4. “The Girl Who Loved Horses” (Episode 8).
atypicalFivel Stewart stars in a kind of modern western set in the past but with the sensibility and language of the modern age. She is a young girl out to avenge her father, and along the way she ends up chained to the daughter of a local preacher, who plays her sunrise kingdom Actress Cara Hayward. preparation True grit Without the grizzly old man, but it’s mostly about these two little girls finding angles to go with them, and while the actor who eventually appears to play the man Stewart’s character needs to kill is the episode’s biggest gag, the heart is Stewart and Hayward’s sweet friendship sticking.
3. “The Woman Who Feed a Duck” (Episode 6).
Although it HadeerThe particular romantic comedy part, this episode is more quirky and surreal than just a boy meets a girl. In this case, it’s a girl who meets a duck. Yes, literally, Merritt Weaver plays a woman who is too busy studying for the MCATs and too disappointed with the dating scene to find a boyfriend, so she’s taken to sit by the duck pond to study every day. And it’s where she meets a confident, seductive, and incredibly charming duck who she can talk to (or to whom she can hear her thoughts?). This is followed by a very unorthodox romance, not a muddled fairy tale but a more realistic local tale, which only adds to the weirdness of this couple’s half being a duck. As a viewer, you spend most of the episode quietly obsessing over one question running through your head (“Would you… have sex with that duck?”), but while you’re obsessed, the episode veers off sneakily into a less fainting area.
2. “The Woman Who Became Killed” Episode 4
The premise here is very simple: it’s a parody of real detectiveA crime fantasy where two armed detectives attempt to solve a murder case of a slain and sexually exploited woman through the prism of masculinity. Only this time the victim, played by Alison Brie, is still more physical than ever (I think Patrick Swayze is learning to push a dime inside) ghost) who eventually realizes that if her murder is solved, she will have to do it herself. The performances here are great, starting with Brie but also Hugh Dancy and Chris Lowell playing detectives, as well as Saturday Night LiveAnna Nodim as a dressed mayor. And while the analogy isn’t entirely accurate, it manages to get away from being very educational…until the last few minutes. So close!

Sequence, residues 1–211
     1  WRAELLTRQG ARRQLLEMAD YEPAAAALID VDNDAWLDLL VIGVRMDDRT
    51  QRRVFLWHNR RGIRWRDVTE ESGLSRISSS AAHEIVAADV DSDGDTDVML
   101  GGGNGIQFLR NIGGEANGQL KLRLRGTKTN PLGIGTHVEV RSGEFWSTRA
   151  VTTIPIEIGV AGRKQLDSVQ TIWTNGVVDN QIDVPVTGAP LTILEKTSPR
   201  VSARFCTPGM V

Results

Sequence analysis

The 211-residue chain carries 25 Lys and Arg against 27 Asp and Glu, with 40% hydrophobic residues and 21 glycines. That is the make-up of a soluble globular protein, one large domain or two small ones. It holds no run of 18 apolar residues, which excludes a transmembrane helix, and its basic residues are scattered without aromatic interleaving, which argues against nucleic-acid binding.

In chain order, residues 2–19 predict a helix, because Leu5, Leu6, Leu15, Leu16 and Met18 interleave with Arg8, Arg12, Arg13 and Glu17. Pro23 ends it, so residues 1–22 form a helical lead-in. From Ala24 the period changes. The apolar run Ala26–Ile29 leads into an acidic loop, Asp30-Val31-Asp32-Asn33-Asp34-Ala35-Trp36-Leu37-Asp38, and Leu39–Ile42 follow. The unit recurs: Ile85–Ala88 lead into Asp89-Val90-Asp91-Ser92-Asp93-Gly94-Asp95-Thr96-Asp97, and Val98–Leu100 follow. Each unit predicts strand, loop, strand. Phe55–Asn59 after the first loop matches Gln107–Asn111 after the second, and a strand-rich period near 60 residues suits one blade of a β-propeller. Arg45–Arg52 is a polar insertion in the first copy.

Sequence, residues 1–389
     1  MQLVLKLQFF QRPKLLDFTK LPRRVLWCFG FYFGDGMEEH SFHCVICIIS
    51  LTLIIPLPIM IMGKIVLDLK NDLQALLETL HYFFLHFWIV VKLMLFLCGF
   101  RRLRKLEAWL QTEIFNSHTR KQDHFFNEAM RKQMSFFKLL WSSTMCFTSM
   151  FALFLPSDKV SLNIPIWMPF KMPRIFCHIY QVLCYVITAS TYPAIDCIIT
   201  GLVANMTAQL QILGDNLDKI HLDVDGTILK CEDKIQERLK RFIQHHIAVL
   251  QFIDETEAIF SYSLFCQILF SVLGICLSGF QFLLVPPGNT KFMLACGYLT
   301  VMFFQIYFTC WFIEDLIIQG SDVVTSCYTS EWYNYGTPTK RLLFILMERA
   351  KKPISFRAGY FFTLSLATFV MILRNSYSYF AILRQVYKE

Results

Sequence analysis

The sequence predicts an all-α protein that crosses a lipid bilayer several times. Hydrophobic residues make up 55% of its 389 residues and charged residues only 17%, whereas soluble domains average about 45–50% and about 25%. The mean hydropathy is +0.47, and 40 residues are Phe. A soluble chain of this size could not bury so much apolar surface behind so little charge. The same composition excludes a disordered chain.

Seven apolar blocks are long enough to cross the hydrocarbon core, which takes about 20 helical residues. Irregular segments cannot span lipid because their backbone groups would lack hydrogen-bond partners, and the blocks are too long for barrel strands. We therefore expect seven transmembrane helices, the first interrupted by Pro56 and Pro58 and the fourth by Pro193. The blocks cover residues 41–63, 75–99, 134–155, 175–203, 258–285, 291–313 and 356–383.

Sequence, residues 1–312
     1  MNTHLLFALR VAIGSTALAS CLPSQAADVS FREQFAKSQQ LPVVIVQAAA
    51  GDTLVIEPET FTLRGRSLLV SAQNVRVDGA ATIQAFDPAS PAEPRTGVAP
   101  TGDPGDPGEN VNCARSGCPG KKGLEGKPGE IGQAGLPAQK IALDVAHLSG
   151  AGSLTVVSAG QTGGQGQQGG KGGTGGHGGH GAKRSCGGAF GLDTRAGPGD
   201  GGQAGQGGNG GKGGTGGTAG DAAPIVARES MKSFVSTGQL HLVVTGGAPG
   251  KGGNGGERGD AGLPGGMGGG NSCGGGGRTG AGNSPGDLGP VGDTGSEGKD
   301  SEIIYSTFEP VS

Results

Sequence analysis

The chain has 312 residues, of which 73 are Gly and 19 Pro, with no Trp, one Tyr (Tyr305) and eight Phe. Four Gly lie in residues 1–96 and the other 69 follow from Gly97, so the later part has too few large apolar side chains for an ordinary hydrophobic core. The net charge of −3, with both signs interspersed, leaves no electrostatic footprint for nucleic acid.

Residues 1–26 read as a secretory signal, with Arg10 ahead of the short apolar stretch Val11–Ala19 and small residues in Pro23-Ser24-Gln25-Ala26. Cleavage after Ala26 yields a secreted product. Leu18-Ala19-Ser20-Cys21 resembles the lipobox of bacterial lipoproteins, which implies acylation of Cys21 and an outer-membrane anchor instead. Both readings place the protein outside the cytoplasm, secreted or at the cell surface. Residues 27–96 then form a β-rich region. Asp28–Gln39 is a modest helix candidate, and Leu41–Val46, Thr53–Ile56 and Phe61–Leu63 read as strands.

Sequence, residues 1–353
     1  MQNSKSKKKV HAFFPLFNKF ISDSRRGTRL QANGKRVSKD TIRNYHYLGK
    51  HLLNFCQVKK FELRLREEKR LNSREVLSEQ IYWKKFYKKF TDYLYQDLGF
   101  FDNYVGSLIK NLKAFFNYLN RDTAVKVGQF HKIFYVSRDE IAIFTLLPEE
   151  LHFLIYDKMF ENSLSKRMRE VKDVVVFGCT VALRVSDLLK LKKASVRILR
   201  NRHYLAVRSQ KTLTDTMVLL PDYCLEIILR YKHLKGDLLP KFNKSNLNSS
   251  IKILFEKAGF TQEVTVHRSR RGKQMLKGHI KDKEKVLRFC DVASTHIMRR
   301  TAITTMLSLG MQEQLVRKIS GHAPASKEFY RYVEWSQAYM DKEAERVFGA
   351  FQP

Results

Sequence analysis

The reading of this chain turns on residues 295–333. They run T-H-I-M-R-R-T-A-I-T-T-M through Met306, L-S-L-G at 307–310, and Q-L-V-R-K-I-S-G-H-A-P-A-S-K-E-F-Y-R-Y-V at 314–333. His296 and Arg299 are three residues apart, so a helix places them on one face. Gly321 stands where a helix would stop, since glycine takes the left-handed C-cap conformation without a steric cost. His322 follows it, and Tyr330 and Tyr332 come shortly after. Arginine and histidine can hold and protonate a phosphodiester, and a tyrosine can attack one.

1. “The Woman Who Found Bite Marks on Her Skin” Episode 7.
with many Hadeer Episodes, magical realism combined with the ways in which culture makes it hard for women leave the viewer wondering why these aren’t just horror anthologies. This episode finally scratches that itch (so to speak), as the great Cynthia Erivo played a mother of two who just got back into her high-pressure, all-important marketing job after maternity leave from her second child. She’s dealing with some major postpartum trauma as well as the general feeling of guilt that comes with leaving your kids every day to go to work, and that’s all before the increasingly visible bite marks appear all over her body. Erivo is brilliant in a role that could support a feature film just as well as Jake Johnson as her husband. The episode – which was directed by Rashida Jones – is steeped in psychological stress and physical horror and it easily tops the best of the series.
all episodes Hadeer Drop on Apple TV + Friday, April 15th.
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Joe Reed is the managing editor of Primetimer and co-host of This Had Oscar Buzz podcast. His work has appeared in Decider, NPR, HuffPost, The Atlantic, Slate, Polygon, Vanity Fair, Vulture, The AV Club, and more.